Liz Squibb knows how to help foster children - she was one herself(Read article summary)
Working at the Jim Casey Youth Opportunities Initiative she helps foster children make the transition to adulthood.
Courtesy of the Jim Casey Youth Opportunities Initiative
A car is a possession many people probably take for granted.
But for many former foster children, it’s a necessity that’s often out of their reach, says Liz Squibb, the senior associate director for the Jim Casey Youth Opportunities Initiative.
“Our young people are saying to us, 'I needed the car to get to school, I needed the car to get to work,” Ms. Squibb says.
Saving for a big purchase, such as a car, isn't easy for teens and young adults. But as part of the Jim Casey Youth Opportunities Initiative, based in St. Louis, former foster children can sign up for the Opportunity Passport program, which allows them to open a matched savings account. For every dollar the youth deposits, the initiative matches it.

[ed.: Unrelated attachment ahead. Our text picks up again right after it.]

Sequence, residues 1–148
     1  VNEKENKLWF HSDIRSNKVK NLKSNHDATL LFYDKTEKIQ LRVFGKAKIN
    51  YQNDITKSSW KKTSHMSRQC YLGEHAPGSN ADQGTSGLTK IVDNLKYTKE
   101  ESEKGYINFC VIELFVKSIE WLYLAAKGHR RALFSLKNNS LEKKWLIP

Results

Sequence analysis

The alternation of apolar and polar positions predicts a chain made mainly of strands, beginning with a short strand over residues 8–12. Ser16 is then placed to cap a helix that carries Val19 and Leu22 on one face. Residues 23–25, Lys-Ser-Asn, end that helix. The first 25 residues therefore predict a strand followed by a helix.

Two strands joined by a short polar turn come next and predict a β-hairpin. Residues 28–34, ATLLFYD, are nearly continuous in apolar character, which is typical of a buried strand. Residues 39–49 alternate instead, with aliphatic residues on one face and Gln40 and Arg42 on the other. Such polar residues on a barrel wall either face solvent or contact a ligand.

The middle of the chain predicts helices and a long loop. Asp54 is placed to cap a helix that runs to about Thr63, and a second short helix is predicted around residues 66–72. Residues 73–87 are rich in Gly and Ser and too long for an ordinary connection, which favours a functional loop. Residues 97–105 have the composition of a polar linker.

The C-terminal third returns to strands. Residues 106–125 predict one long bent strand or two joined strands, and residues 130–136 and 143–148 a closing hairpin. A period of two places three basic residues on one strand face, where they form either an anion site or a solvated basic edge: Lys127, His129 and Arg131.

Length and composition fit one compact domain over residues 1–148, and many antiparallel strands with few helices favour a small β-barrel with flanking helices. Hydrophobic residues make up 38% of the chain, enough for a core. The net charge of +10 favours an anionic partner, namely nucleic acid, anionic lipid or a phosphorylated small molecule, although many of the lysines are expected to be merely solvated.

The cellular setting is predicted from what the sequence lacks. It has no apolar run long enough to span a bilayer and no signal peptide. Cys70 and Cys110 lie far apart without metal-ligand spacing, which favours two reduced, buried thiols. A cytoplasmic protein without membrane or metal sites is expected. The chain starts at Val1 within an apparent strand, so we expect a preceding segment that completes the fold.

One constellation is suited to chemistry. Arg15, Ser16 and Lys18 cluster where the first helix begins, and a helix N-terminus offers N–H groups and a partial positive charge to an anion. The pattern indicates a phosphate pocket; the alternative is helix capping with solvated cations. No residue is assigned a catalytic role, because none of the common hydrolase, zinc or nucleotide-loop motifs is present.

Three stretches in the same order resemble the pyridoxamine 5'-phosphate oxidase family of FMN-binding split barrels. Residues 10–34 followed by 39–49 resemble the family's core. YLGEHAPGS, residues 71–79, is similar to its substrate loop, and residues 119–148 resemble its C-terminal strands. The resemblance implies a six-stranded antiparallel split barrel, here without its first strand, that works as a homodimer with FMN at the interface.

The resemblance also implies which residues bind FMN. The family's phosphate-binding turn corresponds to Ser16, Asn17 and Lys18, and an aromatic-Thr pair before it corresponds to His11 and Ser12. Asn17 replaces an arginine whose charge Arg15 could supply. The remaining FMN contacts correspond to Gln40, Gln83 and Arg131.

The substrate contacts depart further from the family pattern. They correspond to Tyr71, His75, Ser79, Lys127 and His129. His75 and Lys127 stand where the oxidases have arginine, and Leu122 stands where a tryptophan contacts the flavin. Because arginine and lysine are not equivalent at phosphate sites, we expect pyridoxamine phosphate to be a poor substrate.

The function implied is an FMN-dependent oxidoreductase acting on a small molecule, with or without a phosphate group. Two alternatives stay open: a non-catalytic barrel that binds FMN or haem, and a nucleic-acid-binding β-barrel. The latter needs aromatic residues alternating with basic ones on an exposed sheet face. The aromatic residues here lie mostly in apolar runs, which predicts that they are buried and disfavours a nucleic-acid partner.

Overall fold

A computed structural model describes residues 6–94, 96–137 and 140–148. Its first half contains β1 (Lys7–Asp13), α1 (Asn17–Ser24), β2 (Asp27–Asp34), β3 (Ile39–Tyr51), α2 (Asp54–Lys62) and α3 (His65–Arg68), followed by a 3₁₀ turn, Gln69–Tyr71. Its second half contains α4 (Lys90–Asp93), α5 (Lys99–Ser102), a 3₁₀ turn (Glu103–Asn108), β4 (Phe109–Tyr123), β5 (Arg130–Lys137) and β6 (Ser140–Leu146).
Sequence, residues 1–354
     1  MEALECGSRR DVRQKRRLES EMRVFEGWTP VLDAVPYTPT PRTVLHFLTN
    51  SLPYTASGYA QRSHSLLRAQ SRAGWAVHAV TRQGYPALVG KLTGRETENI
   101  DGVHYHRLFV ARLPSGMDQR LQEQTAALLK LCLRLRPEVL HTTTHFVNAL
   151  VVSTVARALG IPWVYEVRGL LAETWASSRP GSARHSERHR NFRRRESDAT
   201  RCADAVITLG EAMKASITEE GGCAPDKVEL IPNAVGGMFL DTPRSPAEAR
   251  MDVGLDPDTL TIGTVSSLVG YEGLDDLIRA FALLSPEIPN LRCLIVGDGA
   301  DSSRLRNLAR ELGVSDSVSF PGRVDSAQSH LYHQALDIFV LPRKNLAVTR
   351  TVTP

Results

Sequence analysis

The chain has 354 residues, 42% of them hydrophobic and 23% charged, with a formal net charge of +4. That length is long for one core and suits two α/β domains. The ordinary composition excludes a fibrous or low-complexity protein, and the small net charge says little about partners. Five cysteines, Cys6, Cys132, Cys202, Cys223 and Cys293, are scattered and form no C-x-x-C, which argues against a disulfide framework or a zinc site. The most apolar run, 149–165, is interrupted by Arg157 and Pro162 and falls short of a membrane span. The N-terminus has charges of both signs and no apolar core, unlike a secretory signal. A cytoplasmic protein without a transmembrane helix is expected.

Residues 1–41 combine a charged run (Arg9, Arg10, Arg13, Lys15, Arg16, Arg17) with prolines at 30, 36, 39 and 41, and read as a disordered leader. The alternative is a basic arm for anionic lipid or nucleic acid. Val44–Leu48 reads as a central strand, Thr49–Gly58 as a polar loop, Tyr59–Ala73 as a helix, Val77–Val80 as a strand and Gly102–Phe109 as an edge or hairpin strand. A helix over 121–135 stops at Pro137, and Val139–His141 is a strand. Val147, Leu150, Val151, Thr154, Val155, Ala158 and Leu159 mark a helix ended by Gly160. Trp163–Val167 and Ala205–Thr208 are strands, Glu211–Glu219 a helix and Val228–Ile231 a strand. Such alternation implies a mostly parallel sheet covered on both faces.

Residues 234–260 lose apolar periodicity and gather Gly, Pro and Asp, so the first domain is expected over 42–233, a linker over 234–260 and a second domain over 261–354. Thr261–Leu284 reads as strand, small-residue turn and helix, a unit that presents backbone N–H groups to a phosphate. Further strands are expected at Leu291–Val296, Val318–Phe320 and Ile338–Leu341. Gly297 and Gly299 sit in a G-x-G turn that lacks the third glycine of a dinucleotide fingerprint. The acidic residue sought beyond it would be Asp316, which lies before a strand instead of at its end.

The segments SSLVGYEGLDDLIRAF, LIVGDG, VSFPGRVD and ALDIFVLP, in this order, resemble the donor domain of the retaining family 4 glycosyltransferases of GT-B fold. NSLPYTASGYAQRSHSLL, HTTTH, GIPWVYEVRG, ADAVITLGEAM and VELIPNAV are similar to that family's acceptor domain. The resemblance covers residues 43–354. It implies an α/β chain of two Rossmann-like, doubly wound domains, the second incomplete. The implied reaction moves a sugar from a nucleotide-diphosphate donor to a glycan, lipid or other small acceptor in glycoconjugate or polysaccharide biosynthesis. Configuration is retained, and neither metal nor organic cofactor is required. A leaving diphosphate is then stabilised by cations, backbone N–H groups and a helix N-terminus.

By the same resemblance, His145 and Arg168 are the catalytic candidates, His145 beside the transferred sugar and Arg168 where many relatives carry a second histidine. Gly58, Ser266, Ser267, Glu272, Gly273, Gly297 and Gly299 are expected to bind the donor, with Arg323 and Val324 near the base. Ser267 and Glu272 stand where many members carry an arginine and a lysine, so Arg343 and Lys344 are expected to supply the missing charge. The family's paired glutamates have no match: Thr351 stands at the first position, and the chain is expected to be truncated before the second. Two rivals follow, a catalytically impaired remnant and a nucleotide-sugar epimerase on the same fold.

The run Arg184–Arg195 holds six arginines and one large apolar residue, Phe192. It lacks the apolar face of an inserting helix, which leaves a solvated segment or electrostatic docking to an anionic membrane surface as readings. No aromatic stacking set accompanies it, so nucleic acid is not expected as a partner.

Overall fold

“We'll increase the amount of opportunity a young person has to save – to participate in mainstream banking,” Squibb says of the program.
Though a car was the most popular purchase in the Opportunity Passport program, participants also often use the funds to pay for rent or education costs, according to data published by the initiative in 2009.
While Opportunity Passport is one of its main programs, the Jim Casey Youth Opportunities Initiative addresses many other challenges facing former foster children. Founded in 2001 and named after the founder of United Parcel Service, the initiative has a long-term goal for every former foster child: that as they leave foster care they successfully move into adulthood.
The initiative works with organizations and agencies in 15 states that serve children in foster care. It focuses its work on young adults between the ages of 14 and 25 who are leaving their foster homes and facing life on their own.